Nano Game Controller
I’ve seen the Adafruit game controller tutorial, I mean it's good but with just 2 face buttons it is much below what you would want from such a device. So, I designed my own and I think it turned out pretty good. This article is written more like a tutorial so feel free to follow it if you want one as well. I used a Adafruit feather Bluetooth LE and a feather OLED attachment to get a visual output from the unit for debugging and to expand the capabilities of the device later down the line. But mostly because I think it looks really cool.
The first step was laying out the PCB, not wanting to require a custom PCB service I used thick perfboard and with the 50*70mm space I dint have much say in the matter as the microcontroller took up most of the space on the board, the angled switches need a bit of help going in but a bit of bending and you should get the same layout as me. I was going to use the built in pull-up resistors and Li-Po charger built into the feather so there really isn't that many things to connect. It really just is the buttons to the data pins and all the buttons to the Ground pin, and connecting the 720mah Li-Po to the feather, but with a in line switch so its not always on. This is a really good project if you just want to practice soldering as there is so much of it but not much to think about!
One leg of each of the buttons goes to Vout
The Li-Po battery to the Li-Po charger
← to pin 0
↑ to pin A0
→ to pin A1
↓ to pin A2
Left trigger to 13
Right trigger to 12
Left button to pin A4
Top button to pin 10
Right button to pin 1
Bottom button to pin 11
Use this image to layout the board, nice and big so you dont have to squint
I admit when it comes to assembly the design is pretty poor, I used adhesives instead of fasteners but hear me out plastic glue is much more common than self tapping m2 screws so unless you have those lying around this was for you mate ;). The assembly process is rather simple but follow these steps if you want a easier time.
First off the two pylons which come out of the faceplate are pretty thin so be cautious as they might snap during assembly.The thin spacer model is there if due to tolerance differences the original shell is too shallow in which case you have to make it deeper, I used one in my model to demonstrate that it can be used to give the design more visual flare.
The next step was designing the enclosure and I wanted it to tightly wrap around the board, I left standoffs in the corners so none of the pins stab the battery as that would be a disaster waiting to happen. You can get the STL files right here.
I made it as 3D printer friendly as possible and should print with out support unless your 3D printer is actually terrible.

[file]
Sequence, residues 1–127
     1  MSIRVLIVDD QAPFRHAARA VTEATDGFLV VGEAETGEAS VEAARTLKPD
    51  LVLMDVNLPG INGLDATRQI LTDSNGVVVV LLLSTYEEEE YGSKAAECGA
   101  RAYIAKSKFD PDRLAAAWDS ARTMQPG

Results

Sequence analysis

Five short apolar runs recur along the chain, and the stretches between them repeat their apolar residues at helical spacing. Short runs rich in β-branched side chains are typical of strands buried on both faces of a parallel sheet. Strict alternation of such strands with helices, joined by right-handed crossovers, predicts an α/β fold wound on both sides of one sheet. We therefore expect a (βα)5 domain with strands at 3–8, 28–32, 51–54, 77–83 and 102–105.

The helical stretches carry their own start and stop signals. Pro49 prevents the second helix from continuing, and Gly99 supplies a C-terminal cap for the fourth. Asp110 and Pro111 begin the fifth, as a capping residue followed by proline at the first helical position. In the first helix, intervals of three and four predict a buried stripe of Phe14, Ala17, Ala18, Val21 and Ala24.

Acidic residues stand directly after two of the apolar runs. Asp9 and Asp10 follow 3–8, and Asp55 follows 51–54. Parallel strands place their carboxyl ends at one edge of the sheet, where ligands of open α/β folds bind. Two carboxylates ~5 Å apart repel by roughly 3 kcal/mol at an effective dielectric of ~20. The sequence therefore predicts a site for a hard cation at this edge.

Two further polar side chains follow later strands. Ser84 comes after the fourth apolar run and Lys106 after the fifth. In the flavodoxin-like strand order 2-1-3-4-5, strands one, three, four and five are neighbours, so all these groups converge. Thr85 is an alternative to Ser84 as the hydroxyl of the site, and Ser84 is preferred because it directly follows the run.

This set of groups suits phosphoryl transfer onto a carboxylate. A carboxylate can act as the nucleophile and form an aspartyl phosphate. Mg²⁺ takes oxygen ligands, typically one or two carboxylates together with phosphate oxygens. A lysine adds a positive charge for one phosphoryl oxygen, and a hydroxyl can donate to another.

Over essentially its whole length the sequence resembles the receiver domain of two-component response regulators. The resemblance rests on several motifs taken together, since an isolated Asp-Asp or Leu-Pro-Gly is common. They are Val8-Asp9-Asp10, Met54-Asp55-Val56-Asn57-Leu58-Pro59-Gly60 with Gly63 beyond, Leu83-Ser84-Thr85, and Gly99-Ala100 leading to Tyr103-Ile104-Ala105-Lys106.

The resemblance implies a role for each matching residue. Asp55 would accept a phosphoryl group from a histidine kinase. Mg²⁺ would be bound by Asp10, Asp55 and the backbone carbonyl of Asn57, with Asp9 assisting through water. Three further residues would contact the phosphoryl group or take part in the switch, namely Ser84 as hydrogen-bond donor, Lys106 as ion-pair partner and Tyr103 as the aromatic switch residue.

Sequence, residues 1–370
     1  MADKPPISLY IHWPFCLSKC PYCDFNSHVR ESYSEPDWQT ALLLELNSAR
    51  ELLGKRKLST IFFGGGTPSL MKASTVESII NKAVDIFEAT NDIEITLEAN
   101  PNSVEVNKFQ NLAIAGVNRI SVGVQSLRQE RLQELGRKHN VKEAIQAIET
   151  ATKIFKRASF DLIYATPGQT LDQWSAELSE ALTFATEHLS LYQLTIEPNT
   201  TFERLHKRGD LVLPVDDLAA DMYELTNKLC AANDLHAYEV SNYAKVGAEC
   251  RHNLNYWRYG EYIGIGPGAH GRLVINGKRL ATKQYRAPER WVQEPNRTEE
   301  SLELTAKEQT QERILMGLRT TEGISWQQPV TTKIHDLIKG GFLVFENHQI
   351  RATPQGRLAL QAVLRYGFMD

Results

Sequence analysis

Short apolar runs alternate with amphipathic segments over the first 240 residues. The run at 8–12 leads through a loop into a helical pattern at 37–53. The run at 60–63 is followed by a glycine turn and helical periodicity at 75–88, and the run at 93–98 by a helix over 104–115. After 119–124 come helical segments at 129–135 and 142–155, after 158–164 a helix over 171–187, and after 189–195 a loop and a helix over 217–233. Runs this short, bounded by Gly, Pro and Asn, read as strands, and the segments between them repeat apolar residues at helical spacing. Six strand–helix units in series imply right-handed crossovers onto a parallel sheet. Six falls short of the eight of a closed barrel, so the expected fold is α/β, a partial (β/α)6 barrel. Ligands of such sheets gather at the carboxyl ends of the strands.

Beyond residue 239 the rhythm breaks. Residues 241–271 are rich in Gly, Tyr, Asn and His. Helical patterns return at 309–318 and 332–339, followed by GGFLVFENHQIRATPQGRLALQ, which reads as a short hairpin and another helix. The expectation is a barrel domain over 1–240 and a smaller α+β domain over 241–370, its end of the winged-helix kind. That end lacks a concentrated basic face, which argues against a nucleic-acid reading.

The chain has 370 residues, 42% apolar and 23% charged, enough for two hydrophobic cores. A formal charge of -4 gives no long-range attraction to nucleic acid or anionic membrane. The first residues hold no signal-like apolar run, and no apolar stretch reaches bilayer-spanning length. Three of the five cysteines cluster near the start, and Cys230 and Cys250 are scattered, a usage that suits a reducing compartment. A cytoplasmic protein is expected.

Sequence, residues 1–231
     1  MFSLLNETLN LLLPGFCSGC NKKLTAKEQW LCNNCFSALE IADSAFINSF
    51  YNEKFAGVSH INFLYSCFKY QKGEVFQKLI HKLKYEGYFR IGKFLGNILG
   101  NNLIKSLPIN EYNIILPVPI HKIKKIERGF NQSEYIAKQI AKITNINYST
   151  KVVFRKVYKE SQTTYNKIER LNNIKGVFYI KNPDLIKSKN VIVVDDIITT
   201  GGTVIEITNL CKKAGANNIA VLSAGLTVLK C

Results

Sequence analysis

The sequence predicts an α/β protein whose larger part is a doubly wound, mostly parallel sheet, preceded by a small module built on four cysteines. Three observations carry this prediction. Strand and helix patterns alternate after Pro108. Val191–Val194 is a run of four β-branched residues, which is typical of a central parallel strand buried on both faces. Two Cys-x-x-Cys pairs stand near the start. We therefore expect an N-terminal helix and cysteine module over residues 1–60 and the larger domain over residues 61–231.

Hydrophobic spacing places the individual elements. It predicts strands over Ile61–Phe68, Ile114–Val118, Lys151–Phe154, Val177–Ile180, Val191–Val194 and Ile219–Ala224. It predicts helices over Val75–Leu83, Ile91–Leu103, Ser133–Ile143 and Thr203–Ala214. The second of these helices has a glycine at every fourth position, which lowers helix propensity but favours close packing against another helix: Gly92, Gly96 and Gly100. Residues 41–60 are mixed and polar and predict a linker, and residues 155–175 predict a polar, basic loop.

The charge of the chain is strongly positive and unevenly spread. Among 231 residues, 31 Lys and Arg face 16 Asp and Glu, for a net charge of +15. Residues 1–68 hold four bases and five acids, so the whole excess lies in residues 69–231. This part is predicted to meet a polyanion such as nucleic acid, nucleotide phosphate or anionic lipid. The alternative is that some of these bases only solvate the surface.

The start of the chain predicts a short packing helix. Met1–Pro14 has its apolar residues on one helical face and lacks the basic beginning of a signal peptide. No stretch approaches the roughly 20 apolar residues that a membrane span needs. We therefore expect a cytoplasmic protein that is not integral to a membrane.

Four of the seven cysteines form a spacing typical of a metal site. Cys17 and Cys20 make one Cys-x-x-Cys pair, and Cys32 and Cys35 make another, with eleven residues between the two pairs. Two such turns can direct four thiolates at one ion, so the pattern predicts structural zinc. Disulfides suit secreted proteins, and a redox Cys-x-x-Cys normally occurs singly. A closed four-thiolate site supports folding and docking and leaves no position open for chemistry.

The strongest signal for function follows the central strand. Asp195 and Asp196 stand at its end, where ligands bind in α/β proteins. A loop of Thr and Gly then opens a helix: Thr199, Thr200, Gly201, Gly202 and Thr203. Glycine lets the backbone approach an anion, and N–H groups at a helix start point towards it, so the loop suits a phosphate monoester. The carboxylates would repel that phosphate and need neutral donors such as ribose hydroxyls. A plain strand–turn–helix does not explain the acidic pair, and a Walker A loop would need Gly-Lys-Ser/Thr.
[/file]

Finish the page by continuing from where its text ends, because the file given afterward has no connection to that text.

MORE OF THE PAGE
Check you have about 40mm of wire for the battery and another 40 for the power switch so you can fit it in easely.
Put the battery in the device in the place where the pool of wires is the thinnest, if your feeling fancy use some double sided tape if the wires don’t keep it in.
Making sure there are no cables being crushed slide the perfbord into the case, the shoulder buttons should be at around this height and the USB port is easy to access as you will be needing it later.
Now on the Faceplate place in all the buttons ensuring they go in easily and can be moved with little to no resistance, now with the faceplate face down place the main body on it
then holding it together see whenever the D-pad is loose enough to operate and to hit all the diagonals, also check if all the buttons are high enough to not get triggered, if you find the faceplate pushes the buttons print out the spacers.
For final assembly do that all again with your adhesive of choice between the faceplate and the main element.
I spent much longer than I care to admit trying to get the gamepad API from here to work somewhat reasonably, windows machines ignore the D-pad inputs and android devices ignore the button inputs. This issue is because of API implementation being shoddy on both ends so I chose to use the good old fashion keyboard inputs. If you hold left on the D-pad when booting the device will use WASD as the D-pad output so use that for PCs and if it boots normally the D-pad will use the “direction hat” output for controlling android.
The screen is a basic debug output but I was really hoping to use this as a standalone machine and have things happen on screen, if you have any working code(I left the booting while right is held down for you to experiment) feel free to submit it. The code isn’t too well annotated as this is pretty old code and I doubt its a good place to learn.
Download the Arduino project here.